Despite the moment we applied the N, the fertilizer increased the YME, and the higher increment was verified after N applications either at seed sowing or topdressing(Table 4). The YME in 2014/2015 was higher than in 2012/2013 and 2013/2014 (p < 0.05) in all the combinations (NS + NT),except the first (with no N application). Okumura et al. (2014) also found positive results from sweet corn YME with the increased doses of topdressing N. The highest crop productivity of 10.41 Mgha–1 yields marketable ears at the N dose of 110.84 kgha–1, in the Northwestern Paraná state, Brazil.

Table 4. Yield of marketable ear (Mg∙ha–1) in relation to the N doses applied at sowing and topdressing, in three summer growing seasons. 

N at sowing1 2012/2013 2013/2014 2014/2015
N at topdressing
Abs. Pres. Abs. Pres. Abs. Pres.
Absence 7.65Aa 7.80Aa 6.81Bb 8.04Aa 7.94Bb 11.11Ba
Presence 7.67Aa 7.57Aa 7.46Aa 7.91Aa 9.12Ab 11.85Aa
Growing seasons2 NS NT NS NT NS NT NS NT
Abs. Abs. Abs. Pres. Pres. Abs. Pres. Pres.
2012/2013 7.65a 7.80b 7.67b 7.57b
2013/2014 6.81b 8.04b 7.46b 7.91b
2014/2015 7.94a 11.11a 9.12a 11.85a

Means followed by distinct letter in the column (upper case) and in the line (lower case) are different at the 5 % probability level by

1F-test and by

2t-test (LSD), LSD = 0.225 Mg∙ha–1. NS = N applied at sowing and NT = N applied in topdressing. Abs. = Absence and Pres. = Presence.

The joint analysis of variance for TS from sweet corn kernels had significant principal effect (p < 0.05) for the N factor topdressing (Table 1). Although the factorsinoculant × growing seasons (p > 0.05) were independent after the partition, we found significant regression model (Fig. 4a). In this case, the first order interaction was chosen by the principal factor (N at topdressing). In 2014/2015, the quadratic model was the best (Fig. 4a) and the maximum TS in the kernels of the RB 6324 hybrid was 42.23% estimated after inoculating 106.38 mLha–1. Thus, the sugar increase in the endosperm was 3.94% higher than the control (no inoculation). However, the increase in TS from the dose200 mLha–1 may be related to decreases in photo-assimilates in the sweet corn plants. This happens when the carbohydrates reserves are used to supply the energy demand to maintain the association with the diazotrophic bacteria (Schubert and Evans 1976; Taiz and Zeiger 2014). Expressive sugar accumulation in the kernels is blocked by the sugar conversion into starch in the endosperm, specifically in the super sweet genotype group (sh2) (Tracy 2010). The small presence of the ADP-glucose pyrophosphorylase enzyme in the endosperm catalyzes the reaction between glycose-1-phosphate and adenosine triphosphate and drastically reduces the starch synthesis (Tracy 2001; Souza et al. 2013).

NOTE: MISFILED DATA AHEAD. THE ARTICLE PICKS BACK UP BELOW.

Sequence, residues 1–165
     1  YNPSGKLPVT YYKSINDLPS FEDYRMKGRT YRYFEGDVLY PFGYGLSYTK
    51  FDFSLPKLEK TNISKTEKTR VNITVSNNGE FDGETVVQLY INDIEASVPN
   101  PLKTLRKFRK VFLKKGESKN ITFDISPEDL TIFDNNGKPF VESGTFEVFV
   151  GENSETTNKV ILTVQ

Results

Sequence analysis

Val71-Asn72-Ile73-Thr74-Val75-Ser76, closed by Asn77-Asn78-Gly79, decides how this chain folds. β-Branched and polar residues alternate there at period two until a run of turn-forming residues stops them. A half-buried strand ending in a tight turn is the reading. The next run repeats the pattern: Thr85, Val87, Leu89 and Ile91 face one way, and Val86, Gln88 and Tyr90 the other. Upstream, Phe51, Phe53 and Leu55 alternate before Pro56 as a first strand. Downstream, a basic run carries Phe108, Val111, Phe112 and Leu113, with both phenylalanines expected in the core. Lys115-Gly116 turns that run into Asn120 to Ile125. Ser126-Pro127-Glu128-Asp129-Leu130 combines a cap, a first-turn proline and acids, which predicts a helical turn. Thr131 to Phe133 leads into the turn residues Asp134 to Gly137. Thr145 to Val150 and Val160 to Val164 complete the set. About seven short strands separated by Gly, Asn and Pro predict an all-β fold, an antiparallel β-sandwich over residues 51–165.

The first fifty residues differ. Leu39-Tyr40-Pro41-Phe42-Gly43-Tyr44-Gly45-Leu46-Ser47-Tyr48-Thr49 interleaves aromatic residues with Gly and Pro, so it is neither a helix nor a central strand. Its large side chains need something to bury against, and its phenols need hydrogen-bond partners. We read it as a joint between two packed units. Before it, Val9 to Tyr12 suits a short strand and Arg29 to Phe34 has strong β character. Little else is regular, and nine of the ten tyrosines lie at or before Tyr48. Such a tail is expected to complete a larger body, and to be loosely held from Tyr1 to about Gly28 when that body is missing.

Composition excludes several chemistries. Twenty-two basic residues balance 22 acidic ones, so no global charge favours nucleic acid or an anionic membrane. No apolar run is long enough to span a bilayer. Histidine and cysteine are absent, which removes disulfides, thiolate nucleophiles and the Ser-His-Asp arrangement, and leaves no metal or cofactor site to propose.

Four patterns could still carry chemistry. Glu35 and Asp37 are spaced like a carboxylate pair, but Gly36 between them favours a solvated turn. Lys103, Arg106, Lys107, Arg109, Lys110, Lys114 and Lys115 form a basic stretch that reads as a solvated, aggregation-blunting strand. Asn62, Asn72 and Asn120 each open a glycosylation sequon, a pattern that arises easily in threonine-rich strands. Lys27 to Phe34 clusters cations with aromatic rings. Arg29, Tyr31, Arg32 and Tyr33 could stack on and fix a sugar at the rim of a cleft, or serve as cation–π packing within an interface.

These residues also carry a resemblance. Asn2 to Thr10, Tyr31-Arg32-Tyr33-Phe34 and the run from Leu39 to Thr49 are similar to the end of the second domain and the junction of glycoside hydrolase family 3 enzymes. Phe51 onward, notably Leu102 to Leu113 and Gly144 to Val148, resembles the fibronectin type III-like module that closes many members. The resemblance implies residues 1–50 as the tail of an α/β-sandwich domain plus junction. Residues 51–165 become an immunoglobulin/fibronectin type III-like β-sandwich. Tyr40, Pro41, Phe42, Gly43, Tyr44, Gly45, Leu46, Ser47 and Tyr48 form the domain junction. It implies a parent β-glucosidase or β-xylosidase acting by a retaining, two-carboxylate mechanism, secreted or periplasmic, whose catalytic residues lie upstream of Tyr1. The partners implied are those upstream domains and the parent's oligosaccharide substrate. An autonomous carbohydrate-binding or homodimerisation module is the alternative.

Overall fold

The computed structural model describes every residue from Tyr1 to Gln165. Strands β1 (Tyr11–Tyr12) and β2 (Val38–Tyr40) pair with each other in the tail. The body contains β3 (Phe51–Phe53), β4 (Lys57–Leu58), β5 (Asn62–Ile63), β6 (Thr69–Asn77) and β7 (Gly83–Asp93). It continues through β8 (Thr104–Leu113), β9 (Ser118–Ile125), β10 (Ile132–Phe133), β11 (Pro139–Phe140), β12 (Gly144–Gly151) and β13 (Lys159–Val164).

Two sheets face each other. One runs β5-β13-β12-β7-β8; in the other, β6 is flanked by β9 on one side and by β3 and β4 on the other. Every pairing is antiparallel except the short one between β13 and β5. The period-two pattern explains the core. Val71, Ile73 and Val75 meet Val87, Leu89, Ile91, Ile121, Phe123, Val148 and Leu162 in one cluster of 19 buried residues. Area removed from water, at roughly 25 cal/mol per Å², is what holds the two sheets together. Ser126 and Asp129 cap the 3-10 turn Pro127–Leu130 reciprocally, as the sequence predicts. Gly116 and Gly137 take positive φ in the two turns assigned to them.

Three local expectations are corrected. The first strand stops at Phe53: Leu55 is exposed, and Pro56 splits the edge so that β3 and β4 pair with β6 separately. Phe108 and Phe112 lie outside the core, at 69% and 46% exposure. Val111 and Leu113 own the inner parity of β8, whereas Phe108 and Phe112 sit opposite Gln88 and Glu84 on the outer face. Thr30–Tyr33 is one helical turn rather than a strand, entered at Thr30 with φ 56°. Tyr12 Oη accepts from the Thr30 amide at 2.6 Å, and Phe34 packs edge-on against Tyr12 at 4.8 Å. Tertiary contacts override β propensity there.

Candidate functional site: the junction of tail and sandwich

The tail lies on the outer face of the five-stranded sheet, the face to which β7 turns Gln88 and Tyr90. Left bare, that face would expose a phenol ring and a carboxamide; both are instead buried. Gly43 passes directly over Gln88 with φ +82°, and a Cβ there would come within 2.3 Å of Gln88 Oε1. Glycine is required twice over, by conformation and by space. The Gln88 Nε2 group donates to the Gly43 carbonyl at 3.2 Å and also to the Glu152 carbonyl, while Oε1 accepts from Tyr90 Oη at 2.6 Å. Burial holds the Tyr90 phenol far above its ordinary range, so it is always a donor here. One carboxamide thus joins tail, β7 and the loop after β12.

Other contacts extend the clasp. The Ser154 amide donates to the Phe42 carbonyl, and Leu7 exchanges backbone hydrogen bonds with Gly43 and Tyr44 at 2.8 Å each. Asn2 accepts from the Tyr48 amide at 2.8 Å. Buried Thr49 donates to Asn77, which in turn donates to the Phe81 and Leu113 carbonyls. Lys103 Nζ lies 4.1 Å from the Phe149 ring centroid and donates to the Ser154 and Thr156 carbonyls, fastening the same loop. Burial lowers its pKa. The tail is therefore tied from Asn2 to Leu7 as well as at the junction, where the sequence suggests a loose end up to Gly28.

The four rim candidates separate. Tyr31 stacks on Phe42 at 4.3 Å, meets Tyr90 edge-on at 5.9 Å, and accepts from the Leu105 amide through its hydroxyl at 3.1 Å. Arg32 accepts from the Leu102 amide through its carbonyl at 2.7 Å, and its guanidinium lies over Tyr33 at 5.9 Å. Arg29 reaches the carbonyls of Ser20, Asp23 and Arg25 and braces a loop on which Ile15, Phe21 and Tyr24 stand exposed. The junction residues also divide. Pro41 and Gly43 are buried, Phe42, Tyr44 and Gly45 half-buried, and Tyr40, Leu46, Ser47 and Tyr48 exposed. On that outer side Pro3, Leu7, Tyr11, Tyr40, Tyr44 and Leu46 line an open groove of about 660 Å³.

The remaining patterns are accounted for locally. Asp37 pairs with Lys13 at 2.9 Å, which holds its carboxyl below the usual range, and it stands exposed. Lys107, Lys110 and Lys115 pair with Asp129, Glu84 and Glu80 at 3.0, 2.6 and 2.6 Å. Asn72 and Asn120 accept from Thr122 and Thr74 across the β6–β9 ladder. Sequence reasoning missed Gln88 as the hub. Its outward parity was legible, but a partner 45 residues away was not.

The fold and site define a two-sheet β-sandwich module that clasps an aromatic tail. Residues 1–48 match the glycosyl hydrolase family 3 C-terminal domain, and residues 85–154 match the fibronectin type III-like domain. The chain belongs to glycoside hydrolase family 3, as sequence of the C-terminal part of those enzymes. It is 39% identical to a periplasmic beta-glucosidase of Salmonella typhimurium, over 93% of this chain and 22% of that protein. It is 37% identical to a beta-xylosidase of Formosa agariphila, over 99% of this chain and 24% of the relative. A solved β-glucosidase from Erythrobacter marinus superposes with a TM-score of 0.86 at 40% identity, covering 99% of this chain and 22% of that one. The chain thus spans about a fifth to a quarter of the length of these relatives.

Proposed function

Figure 4 (a) Total sugars in kernels based on inoculant doses and summer growing seasons; (b) protein contents in the grain of sweet corn hybrid RB 6324. 

The PROT in the sweet corn kernels was described(p < 0.05) by the quadratic model for the inoculant main factor (Fig. 4b). Thus, the maximum PROT given by the model was 12.81% estimated after 158.33 mLha–1 or 4.9% higher than the control (no inoculation). These results are in agreement with reports from Naserirad et al. (2011) who found positive effects on the protein contents in kernels of three common maize genotypes inoculated with Azospirillum and Azotobacter.